The person who was nominated for the responsibility of accountancy will have to register the partnership with the HMRC.
This automatically put them up for self-assessment themselves as well.
The other partners in the business then need to register for self-assessment themselves so that they can pay NI and tax on their shares of the profits.
You will need to register your partnership within the same time frame as a sole trader.
A limited company is a form of business that separates the people that own and run a business from the business itself, making it its own entity.
With a limited company, shares are held by the individuals and profits are owned by the company itself after the company pays corporation tax.
These profits are then shared out with the shareholders. Shares in the company can be bought and sold.
The term limited comes from the idea that the company is ‘limited’ by its shares. At formation, a company might issue 100 shares at £1 each and these shares are paid for in full by four shareholders at 25 shares each.
However, if these 25 shares each aren’t paid for in full and the company goes bust, the company directors are only responsible for paying the value of its remaining unpaid shares.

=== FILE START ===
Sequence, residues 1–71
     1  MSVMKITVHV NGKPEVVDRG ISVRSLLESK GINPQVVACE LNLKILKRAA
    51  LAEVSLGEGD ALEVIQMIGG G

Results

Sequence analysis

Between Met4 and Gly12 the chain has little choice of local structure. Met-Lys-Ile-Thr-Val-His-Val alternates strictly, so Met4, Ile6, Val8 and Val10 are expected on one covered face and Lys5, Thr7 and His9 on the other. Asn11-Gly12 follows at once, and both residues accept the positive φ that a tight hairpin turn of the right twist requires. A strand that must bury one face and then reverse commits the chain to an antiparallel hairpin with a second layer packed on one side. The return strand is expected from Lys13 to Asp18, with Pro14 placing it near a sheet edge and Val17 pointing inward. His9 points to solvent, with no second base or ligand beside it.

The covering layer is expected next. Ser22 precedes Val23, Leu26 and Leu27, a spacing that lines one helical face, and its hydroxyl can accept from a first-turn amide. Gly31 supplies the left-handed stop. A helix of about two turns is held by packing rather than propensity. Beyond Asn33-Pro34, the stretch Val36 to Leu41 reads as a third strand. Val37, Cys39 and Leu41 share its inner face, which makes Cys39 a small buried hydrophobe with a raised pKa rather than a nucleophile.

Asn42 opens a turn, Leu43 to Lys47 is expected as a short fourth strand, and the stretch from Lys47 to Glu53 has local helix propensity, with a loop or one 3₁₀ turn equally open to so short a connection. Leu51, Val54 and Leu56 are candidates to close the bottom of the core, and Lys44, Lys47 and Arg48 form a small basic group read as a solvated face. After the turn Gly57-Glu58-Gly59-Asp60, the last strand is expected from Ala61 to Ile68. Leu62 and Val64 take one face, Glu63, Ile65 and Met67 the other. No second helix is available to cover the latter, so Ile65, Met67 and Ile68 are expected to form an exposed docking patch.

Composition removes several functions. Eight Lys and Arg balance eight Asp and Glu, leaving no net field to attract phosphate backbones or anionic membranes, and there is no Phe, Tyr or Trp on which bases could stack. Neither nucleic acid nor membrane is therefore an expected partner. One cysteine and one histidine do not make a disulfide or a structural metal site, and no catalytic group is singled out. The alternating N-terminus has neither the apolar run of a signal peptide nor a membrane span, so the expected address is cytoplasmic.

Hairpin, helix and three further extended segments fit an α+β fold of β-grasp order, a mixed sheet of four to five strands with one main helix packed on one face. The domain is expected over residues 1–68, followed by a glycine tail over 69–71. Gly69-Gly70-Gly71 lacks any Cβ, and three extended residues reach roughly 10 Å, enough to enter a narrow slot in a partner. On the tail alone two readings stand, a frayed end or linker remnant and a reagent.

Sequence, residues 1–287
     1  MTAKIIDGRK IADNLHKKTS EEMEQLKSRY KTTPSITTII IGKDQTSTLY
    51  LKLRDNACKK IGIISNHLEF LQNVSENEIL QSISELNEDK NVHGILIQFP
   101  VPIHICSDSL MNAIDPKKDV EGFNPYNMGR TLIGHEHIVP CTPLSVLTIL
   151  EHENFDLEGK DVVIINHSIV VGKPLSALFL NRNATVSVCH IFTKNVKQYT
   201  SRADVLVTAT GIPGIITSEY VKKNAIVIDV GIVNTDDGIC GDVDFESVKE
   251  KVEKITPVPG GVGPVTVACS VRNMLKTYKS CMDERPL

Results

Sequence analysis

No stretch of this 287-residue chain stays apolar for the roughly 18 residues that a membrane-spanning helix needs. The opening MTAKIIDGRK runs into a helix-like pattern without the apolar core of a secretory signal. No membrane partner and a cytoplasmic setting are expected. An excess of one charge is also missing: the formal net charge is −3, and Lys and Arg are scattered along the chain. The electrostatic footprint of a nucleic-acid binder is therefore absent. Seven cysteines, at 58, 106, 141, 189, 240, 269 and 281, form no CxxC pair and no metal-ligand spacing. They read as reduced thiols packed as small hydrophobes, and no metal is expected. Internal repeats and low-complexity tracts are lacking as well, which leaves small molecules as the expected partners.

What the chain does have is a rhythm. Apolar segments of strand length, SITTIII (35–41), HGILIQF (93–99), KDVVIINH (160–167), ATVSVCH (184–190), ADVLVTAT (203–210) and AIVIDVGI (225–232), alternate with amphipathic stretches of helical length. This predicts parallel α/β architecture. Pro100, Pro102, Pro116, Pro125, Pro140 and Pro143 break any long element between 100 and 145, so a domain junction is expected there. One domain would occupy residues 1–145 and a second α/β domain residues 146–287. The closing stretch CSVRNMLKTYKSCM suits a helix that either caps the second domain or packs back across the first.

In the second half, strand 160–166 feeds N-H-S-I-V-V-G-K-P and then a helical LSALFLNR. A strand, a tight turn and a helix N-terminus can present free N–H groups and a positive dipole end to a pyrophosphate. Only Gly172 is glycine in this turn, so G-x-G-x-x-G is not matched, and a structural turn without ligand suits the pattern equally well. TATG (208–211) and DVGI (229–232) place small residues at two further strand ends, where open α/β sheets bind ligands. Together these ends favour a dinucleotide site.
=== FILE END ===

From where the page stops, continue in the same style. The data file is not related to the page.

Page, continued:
Usually directors own shares in a limited company but this isn’t necessary. Directors are responsible for running a limited company and this can be anyone.
As long as the law hasn’t been broken, company directors aren’t made responsible for the business debts if the company makes a loss.
Setting up a limited company
The limited company must register itself at Companies House and give HMRC a date for when the business officially starts running. If the company expects to take more than £81,000 per year it must also register for VAT.
Every year the company must also provide statutory accounts to HMRC that comply with either UK Generally Accepted Accounting Practice or International Financial Reporting Standards.
An annual return must be sent to Companies House and HMRC must receive a Company Tax Return.
Directors must fill in a self-assessment tax return and, if a salary is paid, pay NI and tax through PAYE.
Limited liability partnerships
Partners in limited liability partnerships aren’t personally liable for debts incurred. As with limited companies, their liability is limited to the money invested into the business at the business in the beginning.
Liability for debts is split into two categories. The debts of ‘general’ partners and the debts of ‘limited’ partners.
General partners are liable for all debts incurred whereas limited partners only need to pay the amount initially invested in the business, just like with limited companies.
Setting it up
Visit this Companies House link to find out more about setting up this kind of partnership company.